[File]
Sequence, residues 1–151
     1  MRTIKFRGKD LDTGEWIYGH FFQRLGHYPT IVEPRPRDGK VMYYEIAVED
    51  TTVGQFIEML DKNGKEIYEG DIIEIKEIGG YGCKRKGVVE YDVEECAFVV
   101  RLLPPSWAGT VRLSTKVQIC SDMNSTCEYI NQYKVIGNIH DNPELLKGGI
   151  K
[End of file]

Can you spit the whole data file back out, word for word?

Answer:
Sequence, residues 1–151
     1  MRTIKFRGKD LDTGEWIYGH FFQRLGHYPT IVEPRPRDGK VMYYEIAVED
    51  TTVGQFIEML DKNGKEIYEG DIIEIKEIGG YGCKRKGVVE YDVEECAFVV
   101  RLLPPSWAGT VRLSTKVQIC SDMNSTCEYI NQYKVIGNIH DNPELLKGGI
   151  K